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Cleaning up America's rivers

Published 4:25 PM ET, Wed November 27, 2013
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CNN Hero Chad Pregracke has made it his life's work to clean up the Mississippi River and other American waterways. Since 1998, about 70,000 volunteers have helped Pregracke remove more than 7 million pounds of garbage from 23 rivers across the country. David S. Holloway/CNN
Pregracke talks to volunteers during a recent cleanup of the Illinois River near Pekin, Illinois. "The garbage got into the water one piece at a time," Pregracke says. "And that's the only way it's going to come out." David S. Holloway/CNN
At every cleanup site, Pregracke's passion is contagious. "Picking up garbage, it's tough, miserable and hot. We try to make it fun," he said. David S. Holloway/CNN
On average, Pregracke says he organizes 70 cleanups a year through his nonprofit, Living Lands & Waters. The cleanups are posted on the group's website, Facebook and other outlets so people know where and when they can volunteer. David S. Holloway/CNN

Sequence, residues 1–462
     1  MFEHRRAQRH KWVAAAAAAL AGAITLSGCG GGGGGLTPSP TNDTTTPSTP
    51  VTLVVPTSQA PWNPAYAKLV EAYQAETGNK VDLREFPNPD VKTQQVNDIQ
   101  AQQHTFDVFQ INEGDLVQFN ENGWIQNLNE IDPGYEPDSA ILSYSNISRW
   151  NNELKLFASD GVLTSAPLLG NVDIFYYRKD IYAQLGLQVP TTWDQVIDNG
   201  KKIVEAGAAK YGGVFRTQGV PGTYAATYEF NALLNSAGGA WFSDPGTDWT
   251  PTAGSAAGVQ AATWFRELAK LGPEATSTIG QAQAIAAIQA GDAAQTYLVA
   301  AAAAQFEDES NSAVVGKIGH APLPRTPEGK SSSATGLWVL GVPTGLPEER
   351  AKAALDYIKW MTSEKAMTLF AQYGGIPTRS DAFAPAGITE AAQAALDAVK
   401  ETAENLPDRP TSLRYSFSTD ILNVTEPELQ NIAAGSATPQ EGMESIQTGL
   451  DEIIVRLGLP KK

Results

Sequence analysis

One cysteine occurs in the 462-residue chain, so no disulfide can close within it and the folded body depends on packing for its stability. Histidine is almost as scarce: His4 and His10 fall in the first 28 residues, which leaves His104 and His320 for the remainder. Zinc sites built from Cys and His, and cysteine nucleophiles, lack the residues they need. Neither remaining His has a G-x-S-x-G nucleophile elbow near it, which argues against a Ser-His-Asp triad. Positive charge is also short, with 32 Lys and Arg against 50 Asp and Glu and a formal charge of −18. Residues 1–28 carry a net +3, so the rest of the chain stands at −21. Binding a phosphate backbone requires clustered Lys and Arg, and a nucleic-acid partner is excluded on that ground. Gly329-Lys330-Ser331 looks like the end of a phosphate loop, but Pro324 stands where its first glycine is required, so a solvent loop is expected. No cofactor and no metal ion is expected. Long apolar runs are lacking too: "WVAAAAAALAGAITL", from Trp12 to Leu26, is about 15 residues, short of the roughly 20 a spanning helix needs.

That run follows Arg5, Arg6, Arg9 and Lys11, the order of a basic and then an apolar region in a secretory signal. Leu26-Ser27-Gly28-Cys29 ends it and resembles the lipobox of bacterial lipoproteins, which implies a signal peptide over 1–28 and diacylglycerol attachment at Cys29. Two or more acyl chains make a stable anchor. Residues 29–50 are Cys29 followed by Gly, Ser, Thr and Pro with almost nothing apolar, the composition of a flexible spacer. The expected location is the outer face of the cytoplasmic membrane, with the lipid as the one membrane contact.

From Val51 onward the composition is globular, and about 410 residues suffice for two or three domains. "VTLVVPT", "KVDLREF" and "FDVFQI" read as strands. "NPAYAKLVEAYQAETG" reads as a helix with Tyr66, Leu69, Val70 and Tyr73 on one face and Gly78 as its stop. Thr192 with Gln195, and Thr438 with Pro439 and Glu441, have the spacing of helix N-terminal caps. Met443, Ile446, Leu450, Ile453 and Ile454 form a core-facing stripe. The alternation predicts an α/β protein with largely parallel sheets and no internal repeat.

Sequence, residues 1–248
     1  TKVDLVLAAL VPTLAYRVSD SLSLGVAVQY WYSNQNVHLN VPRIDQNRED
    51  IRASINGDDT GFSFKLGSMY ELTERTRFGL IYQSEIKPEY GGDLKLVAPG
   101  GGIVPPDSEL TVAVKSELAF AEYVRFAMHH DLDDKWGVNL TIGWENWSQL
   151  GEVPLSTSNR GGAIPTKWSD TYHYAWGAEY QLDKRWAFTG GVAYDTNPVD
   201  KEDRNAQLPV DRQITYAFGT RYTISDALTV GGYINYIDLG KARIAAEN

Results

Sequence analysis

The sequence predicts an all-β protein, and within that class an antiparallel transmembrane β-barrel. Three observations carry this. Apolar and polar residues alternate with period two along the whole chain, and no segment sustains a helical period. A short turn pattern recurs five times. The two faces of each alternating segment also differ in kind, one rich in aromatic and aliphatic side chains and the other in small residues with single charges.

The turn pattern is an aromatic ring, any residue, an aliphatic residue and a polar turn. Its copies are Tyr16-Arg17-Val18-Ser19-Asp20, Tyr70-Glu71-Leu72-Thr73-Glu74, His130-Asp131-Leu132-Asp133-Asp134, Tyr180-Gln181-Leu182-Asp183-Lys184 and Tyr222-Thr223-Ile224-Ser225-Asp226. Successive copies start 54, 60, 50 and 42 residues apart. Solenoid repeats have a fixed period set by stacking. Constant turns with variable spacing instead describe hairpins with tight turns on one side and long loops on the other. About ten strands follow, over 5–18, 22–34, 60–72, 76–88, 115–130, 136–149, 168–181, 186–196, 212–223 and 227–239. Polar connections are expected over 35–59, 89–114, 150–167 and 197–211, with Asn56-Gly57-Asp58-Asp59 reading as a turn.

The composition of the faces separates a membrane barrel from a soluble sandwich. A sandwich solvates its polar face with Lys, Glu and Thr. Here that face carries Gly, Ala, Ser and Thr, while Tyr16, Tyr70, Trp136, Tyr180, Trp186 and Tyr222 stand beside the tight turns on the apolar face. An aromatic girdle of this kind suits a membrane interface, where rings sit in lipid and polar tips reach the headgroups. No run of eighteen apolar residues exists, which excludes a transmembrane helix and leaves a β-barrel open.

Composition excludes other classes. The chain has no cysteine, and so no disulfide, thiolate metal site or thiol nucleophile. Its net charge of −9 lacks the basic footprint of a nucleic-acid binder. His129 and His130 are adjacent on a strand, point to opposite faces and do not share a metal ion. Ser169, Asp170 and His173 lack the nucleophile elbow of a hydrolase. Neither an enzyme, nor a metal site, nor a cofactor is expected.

Pregracke believes that volunteers get a huge sense of accomplishment from seeing the garbage piled up at the end of the cleanup. He considers that just as important as the amount of trash they help collect. David S. Holloway/CNN
In the past 15 years, Pregracke says he has helped pull more than 67,000 tires from U.S. waterways. David S. Holloway/CNN
Close to 90% of what is recovered is recycled; Pregracke says the rest gets disposed of properly. David S. Holloway/CNN
Pregracke lives on a barge about nine months out of the year with members of his 12-person crew. They have a fleet of boats to help get the job done. David S. Holloway/CNN
Pregracke grew up in East Moline, Illinois, where the Mississippi River was in his backyard. As a teenager, he worked as a commercial shell diver and saw all the debris in the water. "I saw thousands of barrels, thousands of tires, cars, trucks and tops of school buses. ... I got sick of seeing it and just wanted to do something about it," he said David S. Holloway/CNN
"(I'm) creating a chance for people to go out there and do something positive," Pregracke said. "Talking is great, but it doesn't do much at all. Action is what I'm about." David S. Holloway/CNN
Pregracke says his message is about much more than cleaning rivers. He believes his story is proof that anyone can make a difference. David S. Holloway/CNN
"A lot of people call me a conservationist or an environmentalist, but the thing is I'm no different than anybody else," Pregracke said. "I just want to be known (as) a hardworking American." David S. Holloway/CNN